NASA's future still far from certain, as money issues and politics causes problems

President Barack Obama's decision to open even more future NASA space missions to private contractors was met by heavy criticism from representatives in Florida and Texas.

Rep. Suzanne Kosmas, a Florida Democrat, along with Rep. Pete Olson, who is the House Subcommittee on Space and Aeronautics, implied space travel for the U.S.-run space agency should stay in-house and not be contracted out. California representatives are more optimistic, as SpaceX and other private contractors prepare to earn millions in government contracts.

A recent meeting at the House hosted the Aerospace Safety Advisory Panel, Congress General Accounting Office and the NASA inspector general -- NASA officials weren't present at this meeting, but the U.S. space agency is expected to be involved in future meetings.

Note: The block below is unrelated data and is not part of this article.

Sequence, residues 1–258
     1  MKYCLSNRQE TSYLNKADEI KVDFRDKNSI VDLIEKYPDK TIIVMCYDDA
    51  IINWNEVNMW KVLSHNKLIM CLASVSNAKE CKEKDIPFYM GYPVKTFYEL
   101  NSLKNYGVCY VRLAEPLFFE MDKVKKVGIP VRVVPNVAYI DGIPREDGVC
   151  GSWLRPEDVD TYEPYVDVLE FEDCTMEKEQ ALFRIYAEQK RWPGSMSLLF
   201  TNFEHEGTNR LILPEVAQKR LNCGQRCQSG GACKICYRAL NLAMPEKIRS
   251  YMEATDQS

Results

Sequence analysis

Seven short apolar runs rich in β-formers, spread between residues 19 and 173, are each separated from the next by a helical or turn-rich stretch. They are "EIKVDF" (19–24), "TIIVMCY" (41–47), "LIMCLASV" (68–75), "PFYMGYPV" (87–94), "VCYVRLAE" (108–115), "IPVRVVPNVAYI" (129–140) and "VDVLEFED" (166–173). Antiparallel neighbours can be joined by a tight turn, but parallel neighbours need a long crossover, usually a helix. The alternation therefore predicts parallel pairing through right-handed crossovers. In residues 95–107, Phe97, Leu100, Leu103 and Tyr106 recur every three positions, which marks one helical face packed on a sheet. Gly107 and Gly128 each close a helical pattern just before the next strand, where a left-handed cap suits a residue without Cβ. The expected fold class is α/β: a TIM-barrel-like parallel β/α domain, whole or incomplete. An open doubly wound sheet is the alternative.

The next-gen space rocket that is currently in development could be scrapped, even though it likely would require additional research money and development time for an alternative rocket system.  The SpaceX Falcon 9 rocket could be used, as it meets all NASA human flight launch requirements.

Politicians are not as enthusiastic about allowing SpaceX to be involved in astronaut launches, saying the rocket still may not be safe enough to send NASA astronauts into orbit.

Continued turbulence has cast further doubt as to whether or not NASA will be able to return to the moon in the future.  China, Russia, Japan and several other developing space countries also have tentative plans to reach the moon in the next 20 years.

Russia reportedly is facing similar problems as NASA, and must now find ways to revolutionize its space fleet. 

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